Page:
Rebecca Tyrrel: Damien Hirst says of snooker champ Ronnie O'Sullivan, 'He's like Picasso'

 

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Who knew that Damien Hirst is close friends with the snooker star Ronnie O'Sullivan, and attends many of his matches? Hirst, who was watching O'Sullivan win the world championship at The Crucible in Sheffield the other week, compares his friend to legendary figures from his own world. "To me, he's like Picasso," he says. "Or perhaps more like Francis Bacon, because what he does is instinctive. Anything done to the level Ronnie has taken it is art."

Those, like Brian Sewell, who refuse to accept that a formaldehyde-preserved shark constitutes 'art' might take some persuading that potting small, coloured balls, however elegantly, passes the test. But Hirst cites O'Sullivan as an inspiration, and you needn't have Sewell's finely-tutored eye to see how snooker probably influenced his spot paintings. And if you're about to point out that when Hirst began watching the game on TV as a child in Leeds in the late 1960s, it was broadcast in black and white (tremendous fun to watch), please just accept that, whatever you might think of Hirst's offerings, the man does have an imagination.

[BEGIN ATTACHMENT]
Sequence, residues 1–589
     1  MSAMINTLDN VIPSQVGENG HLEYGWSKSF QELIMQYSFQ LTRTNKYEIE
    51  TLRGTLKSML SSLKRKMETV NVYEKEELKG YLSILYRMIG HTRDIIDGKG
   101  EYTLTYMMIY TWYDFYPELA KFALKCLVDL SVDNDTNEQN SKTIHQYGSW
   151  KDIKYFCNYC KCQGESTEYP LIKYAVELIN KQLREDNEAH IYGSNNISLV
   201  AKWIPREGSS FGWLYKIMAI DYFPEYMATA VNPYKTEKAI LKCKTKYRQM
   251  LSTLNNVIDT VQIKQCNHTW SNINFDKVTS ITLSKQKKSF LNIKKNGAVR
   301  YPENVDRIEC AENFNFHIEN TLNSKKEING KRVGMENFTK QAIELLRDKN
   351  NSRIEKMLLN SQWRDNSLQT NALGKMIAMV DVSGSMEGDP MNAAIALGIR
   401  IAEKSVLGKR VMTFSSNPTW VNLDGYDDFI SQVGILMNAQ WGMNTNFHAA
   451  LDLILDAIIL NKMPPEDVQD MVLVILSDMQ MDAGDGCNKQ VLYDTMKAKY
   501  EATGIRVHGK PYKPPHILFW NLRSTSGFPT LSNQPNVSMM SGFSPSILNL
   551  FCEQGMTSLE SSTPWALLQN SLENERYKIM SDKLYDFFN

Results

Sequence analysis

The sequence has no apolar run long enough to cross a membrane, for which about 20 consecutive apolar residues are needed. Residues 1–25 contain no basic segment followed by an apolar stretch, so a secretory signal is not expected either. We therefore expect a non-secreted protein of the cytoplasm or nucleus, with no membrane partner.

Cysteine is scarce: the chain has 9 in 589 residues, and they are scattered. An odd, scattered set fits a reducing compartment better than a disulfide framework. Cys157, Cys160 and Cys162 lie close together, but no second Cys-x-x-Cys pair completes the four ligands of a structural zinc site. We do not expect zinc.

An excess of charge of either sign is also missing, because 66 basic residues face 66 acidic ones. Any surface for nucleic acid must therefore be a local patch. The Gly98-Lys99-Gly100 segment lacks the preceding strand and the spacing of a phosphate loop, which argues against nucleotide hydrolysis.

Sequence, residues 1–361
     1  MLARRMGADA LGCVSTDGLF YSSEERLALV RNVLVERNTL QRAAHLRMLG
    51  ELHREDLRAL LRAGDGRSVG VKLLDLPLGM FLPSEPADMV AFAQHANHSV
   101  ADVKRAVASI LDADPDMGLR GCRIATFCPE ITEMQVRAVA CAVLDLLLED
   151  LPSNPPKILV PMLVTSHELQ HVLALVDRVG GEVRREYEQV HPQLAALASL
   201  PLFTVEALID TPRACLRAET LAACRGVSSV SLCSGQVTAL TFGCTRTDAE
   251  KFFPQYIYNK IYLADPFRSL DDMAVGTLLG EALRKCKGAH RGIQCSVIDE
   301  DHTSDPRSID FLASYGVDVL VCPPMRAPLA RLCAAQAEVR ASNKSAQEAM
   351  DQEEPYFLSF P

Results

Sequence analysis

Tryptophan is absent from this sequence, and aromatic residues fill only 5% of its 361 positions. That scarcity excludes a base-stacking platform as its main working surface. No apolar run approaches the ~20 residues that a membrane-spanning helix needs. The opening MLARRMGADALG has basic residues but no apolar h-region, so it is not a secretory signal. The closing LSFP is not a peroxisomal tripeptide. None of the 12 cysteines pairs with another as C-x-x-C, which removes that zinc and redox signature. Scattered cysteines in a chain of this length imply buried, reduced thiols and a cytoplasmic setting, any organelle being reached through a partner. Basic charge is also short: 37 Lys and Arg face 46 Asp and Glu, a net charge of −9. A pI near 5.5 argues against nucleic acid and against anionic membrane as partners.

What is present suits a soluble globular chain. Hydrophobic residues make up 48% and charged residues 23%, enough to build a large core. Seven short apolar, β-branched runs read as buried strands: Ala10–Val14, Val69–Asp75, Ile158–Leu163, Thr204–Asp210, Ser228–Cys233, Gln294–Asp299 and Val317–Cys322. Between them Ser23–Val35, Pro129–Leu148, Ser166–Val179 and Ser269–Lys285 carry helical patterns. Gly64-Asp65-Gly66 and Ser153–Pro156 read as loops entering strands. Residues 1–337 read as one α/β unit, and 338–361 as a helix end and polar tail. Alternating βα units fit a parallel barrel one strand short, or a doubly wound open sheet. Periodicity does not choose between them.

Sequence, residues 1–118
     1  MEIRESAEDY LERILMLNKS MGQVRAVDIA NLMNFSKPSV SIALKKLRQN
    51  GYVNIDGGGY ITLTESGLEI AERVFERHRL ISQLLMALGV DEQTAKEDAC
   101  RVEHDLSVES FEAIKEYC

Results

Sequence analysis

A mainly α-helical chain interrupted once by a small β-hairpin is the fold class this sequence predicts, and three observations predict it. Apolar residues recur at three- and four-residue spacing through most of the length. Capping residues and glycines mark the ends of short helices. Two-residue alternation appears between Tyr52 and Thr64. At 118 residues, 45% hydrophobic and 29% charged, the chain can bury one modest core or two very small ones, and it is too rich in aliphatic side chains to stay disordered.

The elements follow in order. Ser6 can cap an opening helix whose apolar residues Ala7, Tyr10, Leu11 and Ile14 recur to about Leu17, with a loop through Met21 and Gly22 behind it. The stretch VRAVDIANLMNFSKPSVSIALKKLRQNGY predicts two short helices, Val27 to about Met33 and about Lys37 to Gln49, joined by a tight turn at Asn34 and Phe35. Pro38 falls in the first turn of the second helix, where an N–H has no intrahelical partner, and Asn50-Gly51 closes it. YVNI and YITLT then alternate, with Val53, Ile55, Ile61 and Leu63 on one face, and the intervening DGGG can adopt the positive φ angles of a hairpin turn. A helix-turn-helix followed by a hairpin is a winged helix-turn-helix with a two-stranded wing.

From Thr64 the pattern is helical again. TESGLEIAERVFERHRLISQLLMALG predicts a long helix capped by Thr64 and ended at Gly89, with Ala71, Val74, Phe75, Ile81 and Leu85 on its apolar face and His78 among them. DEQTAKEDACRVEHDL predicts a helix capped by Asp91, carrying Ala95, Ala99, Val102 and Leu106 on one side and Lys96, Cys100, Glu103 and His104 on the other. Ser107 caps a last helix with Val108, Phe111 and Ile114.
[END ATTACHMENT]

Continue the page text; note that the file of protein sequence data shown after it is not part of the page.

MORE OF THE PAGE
Whether Hirst and O'Sullivan are brothers in art, they undeniably share a gift for controversy. O'Sullivan, whose dad was not long ago released from prison for murdering a Kray twins' associate, once scandalised the snooker world by gesturing in a rude way with a microphone towards a female reporter. While Hirst claimed that those responsible for 9/11, however wicked, "needed congratulating" for what he also described as a work of art.

He isn't the first celebrated artist with a passion for a sportsman. Sir Peter Blake has a thing for Kendo Nagasaki, a professional wrestler. On an Arena programme from 1992, Blake painted a portrait of the mask-wearing, faux Samurai (otherwise known as Peter Thornley from Stoke-on-Trent). Given that Hirst's painting style has been compared to a first-year art-college student, it's understandable that he's not done the same for O'Sullivan. He paints a dazzling picture of his love for snooker with words alone: "I'm fascinated by the idea of a person being like a machine. I'm interested in the psychological side – players become overcome by the fear of winning. A machine which could play snooker would be brilliant." Someone introduce him to a Wii please.

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